By Marc S. Sanders

Power and knowledge can be a dangerous thing for a kid who is not necessarily as mature as his IQ would suggest. Mark Zuckerberg reinvented the way an entire planet functions from his Harvard dorm room. In the process, he couldn’t have cared less about the antagonism he was generating.

David Fincher’s The Social Network, with a brilliant screenplay by Aaron Sorkin captures kids with too much opportunity to seize, and the hubris they carry when they discover money, jealously, pride, and greed through a winning societal experiment.

The film features one of the best casts ever assembled, at least definitely within the confines of the 21st Century. Andrew Garfield, Justin Timberlake (should’ve been nominated), Armie Hammer (one of the best twin brothers’ portrayals in film), Rooney Mara, Brenda Song, and of course Jesse Eisenberg. Sorkin wrote the dialogue. It’s another thing to deliver it.

These people talk before they think, and it’s likely what caused them the aggravations of their own success and discovery. Watch the first scene between Eisenberg and Mara, as Zuckerberg and his girlfriend, Erica. Zuckerberg is already too smart for his own good. His failure with dating Erica is destined to be his undoing. He’ll never recover from this moment. Never! This is a kid with his hand on the nuclear button and he can’t stop pushing it. The other characters are all the same. Harvard geniuses with so much to gain, but how much will they lose?

Mark Zuckerberg, Cameron & Tyler Winklevoss (the self-absorbed twins of prestige and legacy), and Sean Parker (inventor of Napster) are prophets of a bigger picture. They foresaw the basic human desire for attention. People’s needs to be noticed are the commodities to monetarily profit from. These kids knew that better than anyone else. Ironically, Zuckerberg’s best friend and financial partner, Eduardo Saverin (Andrew Garfield), didn’t know it until he realized he was a large step behind. It cost a lot of money. Ironically, in the process of creating a new means of connecting with friends, it suffered the cost of a friendship, as well.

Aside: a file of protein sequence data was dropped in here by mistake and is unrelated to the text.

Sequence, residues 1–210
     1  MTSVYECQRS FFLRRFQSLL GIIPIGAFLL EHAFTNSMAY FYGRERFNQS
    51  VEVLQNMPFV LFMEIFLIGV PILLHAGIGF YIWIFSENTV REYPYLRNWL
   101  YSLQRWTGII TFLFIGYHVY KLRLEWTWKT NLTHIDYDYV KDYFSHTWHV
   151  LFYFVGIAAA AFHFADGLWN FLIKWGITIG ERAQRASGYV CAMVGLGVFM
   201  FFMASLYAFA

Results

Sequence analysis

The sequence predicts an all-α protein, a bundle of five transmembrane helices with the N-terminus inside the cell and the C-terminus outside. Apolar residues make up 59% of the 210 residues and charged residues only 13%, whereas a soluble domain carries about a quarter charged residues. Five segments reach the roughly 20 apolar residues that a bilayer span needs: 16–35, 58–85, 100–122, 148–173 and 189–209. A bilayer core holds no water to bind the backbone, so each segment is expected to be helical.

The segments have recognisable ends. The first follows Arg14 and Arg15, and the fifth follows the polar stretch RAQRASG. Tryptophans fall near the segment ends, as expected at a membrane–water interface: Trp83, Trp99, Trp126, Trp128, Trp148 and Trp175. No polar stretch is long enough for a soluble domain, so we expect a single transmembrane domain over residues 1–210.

The Social Network will always be one of my ten favorite films. (Talk about huge Oscar upsets…excuse me The King’s Speech for Best Picture????) I’m always amazed at these kids with power. The knowledge they possess is bigger than anything within the confines of our historical governments, and yet they bicker and steal and betray like toddlers in a sandbox. Switch out “Facebook” for a Nerf football or a Barbie doll, and you can still apply this fast-paced wit of words. Sorkin pounced on that dichotomy. We’ve seen civil lawsuits on film with grand disputes and long speeches in front of arbitrators. We had yet to see college students dominate tables full of lawyers with crackling dialogue exchanged to prove their worth over one another. Amazingly enough, Sorkin used much of the dialogue from recorded transcripts he accessed. These guys actually spoke like this with each other. These technological pioneers gave the planet’s people the attention they wanted. Yet, what ultimately mattered to them was the credit for what they felt entitled to.

I’ll never tire of watching The Social Network, even if listening to Mark Zuckerberg is as exhausting as talking with a stair master.

One of best films ever made.

One thought on “THE SOCIAL NETWORK”

  1. Outstanding movie. You can’t go wrong with an Aaron Sorkin screenplay, and the acting is incredible. Shout out to Douglas Urbanski for his hilarious Larry Summers portrayal. I love it.


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